Please feel welcome to take a look at these amazing creatures on your journey through the Colorado wilderness as seen through my lens. You will see deer and elk surviving terrible blizzards, mountain goats and bighorn sheep standing precariously on the edge of sharp rocks on the tops of peaks at dizzying elevations, storms, sunsets, baby animals and more!

These images are available as wall art on beautiful glossy metal or acrylic sheets, canvas, traditional print material or framed in a frame of your choice! The images can also be purchased on gift and household items such as coffee mugs, greeting cards, beach towels, pillows, shower curtains, shopping bags, t-shirts and more! I sincerely hope you enjoy this pictorial journey through the Colorado wilderness πŸ™‚ But don’t stop here, click the “collections button” at the top of the page to view many more collections, including sports, landscapes and mountain peaks and magnificent sunsets. The commercial stock wildlife collection can be licensed for use by your business for ad campaigns or to create products such as calendars and post cards you can sell for a profit.

Steve Krull is a prolific sports and nature photographer selling prints and stock images online as S.W. Krull Imaging at various sites and agencies. Click this link to view all the products and services offered by Steve Krull and S. W. Krull Imaging. Additional services include, wedding photography, portraiture and model portfolios, and event photography. Additional products include fine art stock imagery, prints and gift items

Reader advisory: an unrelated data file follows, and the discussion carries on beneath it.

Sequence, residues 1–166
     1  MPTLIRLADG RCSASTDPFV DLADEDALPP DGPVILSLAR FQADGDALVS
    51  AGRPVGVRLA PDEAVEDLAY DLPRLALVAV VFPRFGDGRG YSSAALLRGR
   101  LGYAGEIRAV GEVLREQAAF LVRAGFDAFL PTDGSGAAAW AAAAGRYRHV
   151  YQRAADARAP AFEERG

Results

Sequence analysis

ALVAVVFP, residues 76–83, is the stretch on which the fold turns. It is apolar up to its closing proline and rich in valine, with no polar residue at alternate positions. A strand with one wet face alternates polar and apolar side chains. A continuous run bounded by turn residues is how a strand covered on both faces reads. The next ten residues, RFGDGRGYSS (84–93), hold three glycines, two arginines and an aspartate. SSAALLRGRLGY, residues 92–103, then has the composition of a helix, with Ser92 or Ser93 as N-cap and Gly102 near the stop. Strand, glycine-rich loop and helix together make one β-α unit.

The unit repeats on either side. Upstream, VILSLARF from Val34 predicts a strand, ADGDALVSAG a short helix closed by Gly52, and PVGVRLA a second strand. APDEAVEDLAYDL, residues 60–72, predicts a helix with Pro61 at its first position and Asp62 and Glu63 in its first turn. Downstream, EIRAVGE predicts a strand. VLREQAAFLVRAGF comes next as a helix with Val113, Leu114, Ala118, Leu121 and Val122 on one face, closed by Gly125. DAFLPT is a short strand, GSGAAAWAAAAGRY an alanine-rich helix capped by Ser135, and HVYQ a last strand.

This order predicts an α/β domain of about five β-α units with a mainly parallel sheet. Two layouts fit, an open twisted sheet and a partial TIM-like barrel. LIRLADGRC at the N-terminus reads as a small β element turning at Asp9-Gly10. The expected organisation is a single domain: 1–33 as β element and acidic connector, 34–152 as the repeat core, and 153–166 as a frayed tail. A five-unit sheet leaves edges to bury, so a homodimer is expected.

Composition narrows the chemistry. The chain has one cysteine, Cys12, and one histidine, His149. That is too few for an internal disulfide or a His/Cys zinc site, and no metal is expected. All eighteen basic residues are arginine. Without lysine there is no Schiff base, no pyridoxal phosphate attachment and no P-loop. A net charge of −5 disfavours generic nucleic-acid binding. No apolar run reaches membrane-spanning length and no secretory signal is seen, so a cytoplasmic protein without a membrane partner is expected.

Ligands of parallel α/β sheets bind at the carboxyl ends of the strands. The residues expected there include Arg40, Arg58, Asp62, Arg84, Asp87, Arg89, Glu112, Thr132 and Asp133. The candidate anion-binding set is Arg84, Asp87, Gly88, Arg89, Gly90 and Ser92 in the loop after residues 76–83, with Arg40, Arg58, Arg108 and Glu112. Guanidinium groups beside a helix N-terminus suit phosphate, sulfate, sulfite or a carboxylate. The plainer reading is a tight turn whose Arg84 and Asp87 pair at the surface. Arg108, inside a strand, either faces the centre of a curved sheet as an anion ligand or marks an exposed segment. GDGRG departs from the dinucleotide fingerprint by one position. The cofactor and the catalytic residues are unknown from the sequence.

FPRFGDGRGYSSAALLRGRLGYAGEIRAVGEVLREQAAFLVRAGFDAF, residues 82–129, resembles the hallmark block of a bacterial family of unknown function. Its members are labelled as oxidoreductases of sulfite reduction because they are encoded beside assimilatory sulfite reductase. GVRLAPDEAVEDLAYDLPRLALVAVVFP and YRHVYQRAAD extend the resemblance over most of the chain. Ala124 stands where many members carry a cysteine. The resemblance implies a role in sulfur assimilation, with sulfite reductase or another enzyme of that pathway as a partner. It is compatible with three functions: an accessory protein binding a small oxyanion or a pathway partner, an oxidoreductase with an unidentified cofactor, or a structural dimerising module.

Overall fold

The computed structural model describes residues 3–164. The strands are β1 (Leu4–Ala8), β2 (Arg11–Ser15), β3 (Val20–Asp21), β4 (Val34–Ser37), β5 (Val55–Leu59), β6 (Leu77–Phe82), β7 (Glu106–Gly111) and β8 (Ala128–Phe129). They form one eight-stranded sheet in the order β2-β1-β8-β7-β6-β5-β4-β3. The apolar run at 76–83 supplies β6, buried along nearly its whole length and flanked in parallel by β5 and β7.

Hard Ride

Well, that didn’t go as planned… in my mind was an enjoyable ride, maybe out to the overlook on 67 near Victor, some awesome pictures and a joyous ride back down the hill to town. The reality turned out otherwise 😦 Two years ago I was in great riding shape, but haven’t had a lot of time for myself or for exercise since then. I knew the hills in Cripple Creek are formidable, but in trying to ride them on my mountain bike, they went from formidable to simply wicked!